CHAIR: When was your report actually finally released?

Mr Fraser : On 16 February.

CHAIR: Which was more than seven months after the election.

Mr Fraser : It was a couple of months after the minister indicated, in a speech in November 2016, that the government is going to reintroduce the legislation. She didn't say when, but she said the government was going to pursue the legislation.

CHAIR: You still felt that your call to delay the report was appropriate?

Mr Fraser : Yes.

CHAIR: Can I ask you: did you have a secretariat who are supporting you conducting this review?

Mr Fraser : As I indicated in my initial remarks, I had valuable support from the ISA people in particular in Townsville, organising meetings, typing up and trying to decipher my writing and things like that.

CHAIR: But it was you and you alone who authored the report?

Mr Fraser : Yes.

CHAIR: I will ask you about your role as an independent director. You've been an independent director on multiple industry fund boards—which funds?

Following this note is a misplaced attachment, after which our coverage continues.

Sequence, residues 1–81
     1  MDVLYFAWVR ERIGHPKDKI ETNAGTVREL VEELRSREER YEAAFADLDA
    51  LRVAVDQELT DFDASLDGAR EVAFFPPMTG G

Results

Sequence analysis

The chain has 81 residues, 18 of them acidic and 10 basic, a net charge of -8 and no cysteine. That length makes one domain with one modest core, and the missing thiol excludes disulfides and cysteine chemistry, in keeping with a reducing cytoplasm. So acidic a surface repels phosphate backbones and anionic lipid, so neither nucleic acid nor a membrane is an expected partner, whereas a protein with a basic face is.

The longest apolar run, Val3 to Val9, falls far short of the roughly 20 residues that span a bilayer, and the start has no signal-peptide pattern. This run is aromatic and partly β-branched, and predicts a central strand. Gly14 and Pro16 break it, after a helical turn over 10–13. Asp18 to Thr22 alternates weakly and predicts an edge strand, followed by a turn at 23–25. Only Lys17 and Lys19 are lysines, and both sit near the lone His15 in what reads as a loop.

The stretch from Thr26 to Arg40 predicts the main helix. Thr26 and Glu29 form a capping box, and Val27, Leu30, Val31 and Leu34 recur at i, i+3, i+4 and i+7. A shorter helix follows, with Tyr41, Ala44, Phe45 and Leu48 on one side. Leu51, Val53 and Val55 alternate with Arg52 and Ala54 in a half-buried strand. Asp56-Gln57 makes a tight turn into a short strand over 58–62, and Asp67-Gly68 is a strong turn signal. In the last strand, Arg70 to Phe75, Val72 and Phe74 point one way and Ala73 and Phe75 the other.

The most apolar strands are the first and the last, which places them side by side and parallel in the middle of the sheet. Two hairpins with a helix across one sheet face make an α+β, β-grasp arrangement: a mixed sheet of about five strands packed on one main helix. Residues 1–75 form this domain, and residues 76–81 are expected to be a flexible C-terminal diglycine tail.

Mr Fraser : Initially, I was an independent director. I was the first APRA-approved independent director of Cbus, the Australian Retirement Fund and the Superannuation Trust of Australia, commencing towards the end of 1997. Subsequently, the Australian Retirement Fund and the Superannuation Trust of Australia merged together into AustralianSuper.

CHAIR: Do you think that your contribution and your presence as an independent director on those boards helped or hindered the performance of those funds?